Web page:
Kevin Andrew Collins

Kevin Andrew Collins (born January 24, 1974 — disappeared February 10, 1984) gained national attention as one of the first missing children to appear on milk cartons and on the cover of national publications, such as Newsweek magazine in 1984.[1] His abduction from San Francisco city streets helped bring to light the plight of missing and exploited children in the U.S.

Kevin Collins
Kevin Andrew Collins

(1974-01-24)January 24, 1974
DisappearedFebruary 10, 1984 (aged 10)
Oak Street & Masonic Avenue, San Francisco, California, U.S.
StatusMissing for 38 years, 8 months and 24 days
Height4 ft 6 in (137 cm)
  • David Collins (father)
  • Ann Collins (mother)

Early lifeEdit

Collins was born in San Francisco to David and Ann Collins, a working-class family with nine children. He was a fourth-grader at St. Agnes School in the Haight-Ashbury district of San Francisco. His family lived on Sutter Street in the city's Western Addition.


On February 10, 1984, he left early from basketball practice in the school's gymnasium between 6:10 p.m. and 6:30 p.m. One of his older brothers, eleven-year-old Gary, normally would have accompanied Kevin to basketball practice but was home sick that day.[2] Kevin was last seen at approximately 7:55 p.m. at the corner of Oak Street and Masonic Avenue, waiting for the No. 43 bus.[3] Witnesses reported seeing him at the bus stop talking to a tall blond-haired man. He was never seen or heard from again.


Prior to Amber Alerts, national TV shows (such as America's Most Wanted) and local news and print advertisements were the only way to inform the general public of a child's disappearance. Following the evening of Kevin's disappearance, posters with his picture were distributed and displayed on telephone poles and storefront windows around San Francisco. Notably, a missing poster featuring Collins inadvertently appeared in the 1984 film The Terminator, which was filmed and set in California. It can be seen pinned to a board on the left of the screen as Paul Winfield's character is shot by the titular antagonist during the police station shootout. The poster also appears in the 1984 movie A Nightmare on Elm Street during a scene in a police station.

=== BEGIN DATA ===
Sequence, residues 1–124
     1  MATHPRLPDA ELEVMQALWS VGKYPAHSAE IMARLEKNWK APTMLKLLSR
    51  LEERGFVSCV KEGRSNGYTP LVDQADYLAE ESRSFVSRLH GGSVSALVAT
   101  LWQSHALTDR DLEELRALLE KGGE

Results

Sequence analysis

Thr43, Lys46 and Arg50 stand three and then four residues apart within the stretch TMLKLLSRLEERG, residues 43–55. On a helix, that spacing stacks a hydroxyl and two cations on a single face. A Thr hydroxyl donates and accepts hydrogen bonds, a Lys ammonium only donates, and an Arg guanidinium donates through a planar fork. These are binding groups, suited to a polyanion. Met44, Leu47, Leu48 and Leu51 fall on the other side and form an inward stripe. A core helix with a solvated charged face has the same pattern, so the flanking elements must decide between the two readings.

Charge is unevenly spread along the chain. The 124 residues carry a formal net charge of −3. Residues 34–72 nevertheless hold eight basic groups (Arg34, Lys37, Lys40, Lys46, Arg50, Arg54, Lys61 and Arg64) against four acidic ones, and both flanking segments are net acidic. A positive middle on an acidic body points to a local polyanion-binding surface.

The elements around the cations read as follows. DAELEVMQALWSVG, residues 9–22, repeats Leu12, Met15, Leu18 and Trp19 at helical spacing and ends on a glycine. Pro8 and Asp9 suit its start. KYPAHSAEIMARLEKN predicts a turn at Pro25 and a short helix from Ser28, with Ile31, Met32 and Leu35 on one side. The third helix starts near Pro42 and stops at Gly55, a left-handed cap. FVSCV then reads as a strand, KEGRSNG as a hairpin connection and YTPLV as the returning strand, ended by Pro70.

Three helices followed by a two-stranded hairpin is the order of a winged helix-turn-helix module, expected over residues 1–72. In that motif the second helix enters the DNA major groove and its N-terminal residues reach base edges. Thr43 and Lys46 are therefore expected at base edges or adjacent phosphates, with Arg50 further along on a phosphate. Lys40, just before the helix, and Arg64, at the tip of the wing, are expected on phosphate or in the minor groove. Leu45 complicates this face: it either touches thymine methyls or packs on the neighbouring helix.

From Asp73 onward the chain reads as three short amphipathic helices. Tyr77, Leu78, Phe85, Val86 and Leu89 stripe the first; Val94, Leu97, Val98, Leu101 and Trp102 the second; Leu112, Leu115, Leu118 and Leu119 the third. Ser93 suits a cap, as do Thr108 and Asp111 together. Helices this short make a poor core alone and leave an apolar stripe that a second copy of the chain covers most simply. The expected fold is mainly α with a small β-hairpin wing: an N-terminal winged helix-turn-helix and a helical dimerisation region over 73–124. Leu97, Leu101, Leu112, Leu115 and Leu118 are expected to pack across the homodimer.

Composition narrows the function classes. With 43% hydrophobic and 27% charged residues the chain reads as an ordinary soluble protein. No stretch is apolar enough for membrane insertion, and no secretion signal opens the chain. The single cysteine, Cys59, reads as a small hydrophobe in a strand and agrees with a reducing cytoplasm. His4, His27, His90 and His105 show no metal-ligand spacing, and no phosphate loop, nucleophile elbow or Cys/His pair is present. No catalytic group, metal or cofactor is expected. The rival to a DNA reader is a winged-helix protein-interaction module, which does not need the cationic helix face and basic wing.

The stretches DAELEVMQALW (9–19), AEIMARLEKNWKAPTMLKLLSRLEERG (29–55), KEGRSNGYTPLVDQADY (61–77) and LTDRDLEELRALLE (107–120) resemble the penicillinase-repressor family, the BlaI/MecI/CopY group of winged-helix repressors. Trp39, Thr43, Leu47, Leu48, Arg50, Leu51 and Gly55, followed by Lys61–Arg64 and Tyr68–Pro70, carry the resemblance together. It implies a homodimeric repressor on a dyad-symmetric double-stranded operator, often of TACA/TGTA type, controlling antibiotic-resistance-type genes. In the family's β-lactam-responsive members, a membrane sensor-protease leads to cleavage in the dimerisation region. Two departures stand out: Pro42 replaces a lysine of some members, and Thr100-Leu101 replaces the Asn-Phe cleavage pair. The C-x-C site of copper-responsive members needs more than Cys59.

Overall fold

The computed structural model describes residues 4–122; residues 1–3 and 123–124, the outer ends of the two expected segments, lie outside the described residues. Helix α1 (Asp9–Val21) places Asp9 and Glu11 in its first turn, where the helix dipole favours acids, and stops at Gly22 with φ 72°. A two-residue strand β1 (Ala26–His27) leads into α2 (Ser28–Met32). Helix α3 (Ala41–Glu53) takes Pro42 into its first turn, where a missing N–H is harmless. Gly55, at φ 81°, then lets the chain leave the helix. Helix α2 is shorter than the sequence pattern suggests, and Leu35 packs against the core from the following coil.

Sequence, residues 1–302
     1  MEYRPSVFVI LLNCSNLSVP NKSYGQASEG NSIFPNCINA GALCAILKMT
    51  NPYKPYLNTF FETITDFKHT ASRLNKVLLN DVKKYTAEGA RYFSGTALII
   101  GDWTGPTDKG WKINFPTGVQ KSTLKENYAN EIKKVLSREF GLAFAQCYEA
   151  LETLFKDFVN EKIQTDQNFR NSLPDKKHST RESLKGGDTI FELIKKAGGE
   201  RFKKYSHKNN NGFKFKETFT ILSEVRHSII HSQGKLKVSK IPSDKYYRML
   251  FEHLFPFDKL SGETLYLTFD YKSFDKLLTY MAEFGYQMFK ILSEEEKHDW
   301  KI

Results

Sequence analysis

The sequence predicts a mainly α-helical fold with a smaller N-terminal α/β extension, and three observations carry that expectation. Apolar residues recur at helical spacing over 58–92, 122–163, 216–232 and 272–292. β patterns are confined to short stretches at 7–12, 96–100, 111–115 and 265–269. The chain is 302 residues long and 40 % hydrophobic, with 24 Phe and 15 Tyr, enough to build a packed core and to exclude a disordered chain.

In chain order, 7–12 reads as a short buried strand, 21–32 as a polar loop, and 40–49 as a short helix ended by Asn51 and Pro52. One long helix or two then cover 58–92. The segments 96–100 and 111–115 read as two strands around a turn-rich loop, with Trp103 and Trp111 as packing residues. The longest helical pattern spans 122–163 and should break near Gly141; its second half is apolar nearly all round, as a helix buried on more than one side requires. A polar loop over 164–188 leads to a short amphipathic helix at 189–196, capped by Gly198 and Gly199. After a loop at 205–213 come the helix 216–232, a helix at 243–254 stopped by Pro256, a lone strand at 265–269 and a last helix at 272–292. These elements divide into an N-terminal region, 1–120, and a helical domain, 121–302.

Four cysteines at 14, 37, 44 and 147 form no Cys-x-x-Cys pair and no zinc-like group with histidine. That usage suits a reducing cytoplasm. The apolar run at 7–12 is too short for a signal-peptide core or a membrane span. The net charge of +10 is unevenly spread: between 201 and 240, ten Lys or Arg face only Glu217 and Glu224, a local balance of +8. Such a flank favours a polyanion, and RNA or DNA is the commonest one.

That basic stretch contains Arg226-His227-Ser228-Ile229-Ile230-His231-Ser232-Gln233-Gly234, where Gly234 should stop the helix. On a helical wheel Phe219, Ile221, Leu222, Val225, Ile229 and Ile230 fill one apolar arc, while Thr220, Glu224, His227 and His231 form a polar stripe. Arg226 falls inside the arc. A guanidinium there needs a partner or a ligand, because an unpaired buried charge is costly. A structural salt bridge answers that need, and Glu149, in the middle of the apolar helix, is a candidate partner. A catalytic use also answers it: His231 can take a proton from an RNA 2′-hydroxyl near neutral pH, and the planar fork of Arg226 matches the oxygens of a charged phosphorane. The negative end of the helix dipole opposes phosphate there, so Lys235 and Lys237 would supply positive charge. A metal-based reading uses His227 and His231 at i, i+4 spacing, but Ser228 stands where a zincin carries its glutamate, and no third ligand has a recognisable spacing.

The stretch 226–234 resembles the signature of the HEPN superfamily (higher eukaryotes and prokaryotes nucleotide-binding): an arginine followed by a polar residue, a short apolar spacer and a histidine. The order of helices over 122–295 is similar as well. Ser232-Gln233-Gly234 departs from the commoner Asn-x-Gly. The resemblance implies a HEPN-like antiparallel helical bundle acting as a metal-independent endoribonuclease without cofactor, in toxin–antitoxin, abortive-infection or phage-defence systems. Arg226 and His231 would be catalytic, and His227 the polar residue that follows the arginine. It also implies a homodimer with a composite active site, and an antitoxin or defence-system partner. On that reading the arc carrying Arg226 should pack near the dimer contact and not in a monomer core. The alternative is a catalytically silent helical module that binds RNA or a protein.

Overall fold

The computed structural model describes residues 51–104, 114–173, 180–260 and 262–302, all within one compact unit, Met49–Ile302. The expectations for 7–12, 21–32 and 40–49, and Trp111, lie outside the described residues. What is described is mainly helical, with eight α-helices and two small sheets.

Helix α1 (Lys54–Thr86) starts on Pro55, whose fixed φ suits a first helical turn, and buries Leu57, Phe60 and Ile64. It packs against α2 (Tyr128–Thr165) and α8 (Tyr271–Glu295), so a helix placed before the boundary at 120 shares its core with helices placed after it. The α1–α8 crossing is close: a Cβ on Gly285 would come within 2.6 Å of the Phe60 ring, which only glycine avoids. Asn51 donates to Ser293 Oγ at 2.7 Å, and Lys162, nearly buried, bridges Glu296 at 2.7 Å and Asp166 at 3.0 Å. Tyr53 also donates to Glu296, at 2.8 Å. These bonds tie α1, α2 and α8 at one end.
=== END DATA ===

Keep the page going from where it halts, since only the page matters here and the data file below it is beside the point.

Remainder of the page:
In the days that passed, billboards, milk cartons, and national magazine covers showing Kevin's picture circulated nationwide as the country searched for the boy. This, along with the development of a 1983 television movie about the kidnapping and murder of Adam Walsh, helped spark nationwide interest in the plight of missing children. Parents were educated on how to better protect their children from stranger abductions and law enforcement officials learned how to better coordinate their response to child abductions.[citation needed]


The strain of Kevin's disappearance and the search for their son eventually led David and Ann Collins to divorce.[4]

On November 14, 2005, a purported identity thief pleaded guilty to stealing Kevin's name when applying for a passport in his name. Thinking that the case was too old for anybody to remember, he applied using the name "Kevin Andrew Collins" and provided falsified documentation to obtain a passport. A state department employee who was processing the paperwork remembered the Kevin Collins abduction and alerted authorities.[1]

On January 29, 2013, police served a search warrant on a house in the 1100 block of Masonic Avenue. The concrete floor was removed after cadaver dogs indicated the possible presence of remains. It was reported, however, that preliminary reports indicated the remains to be from an animal, not a human.[5] One month later, the National Center for Missing and Exploited Children released an age-enhanced image to show what Kevin may look like at 39.[6]

See alsoEdit


  1. ^ a b Jim Herron Zamora (February 10, 2006). "Identity thief purloined name of missing child Use of 'Kevin Collins' lands him in prison". San Francisco Chronicle. Retrieved August 27, 2011.
  2. ^
  3. ^ National Center for Missing & Exploited Children
  4. ^ Elizabeth Weise (February 20, 1994). "A Decade of Pain Wipes Out All Hope in Family of Missing Child : San Francisco: Kevin Collins was 10 when he vanished. Kin held memorial service to let him go, but their lives will never be the same". Los Angeles Times. Retrieved July 12, 2015.
  5. ^ Jaxon Van Derbeken; Vivian Ho; Nanette Asimov (January 30, 2013). "New Kevin Collins search in S.F." San Francisco Chronicle. Retrieved February 7, 2013.
  6. ^ "Kevin Andrew Collins Age Progression". National Center for Missing and Exploited Children. Retrieved January 5, 2019.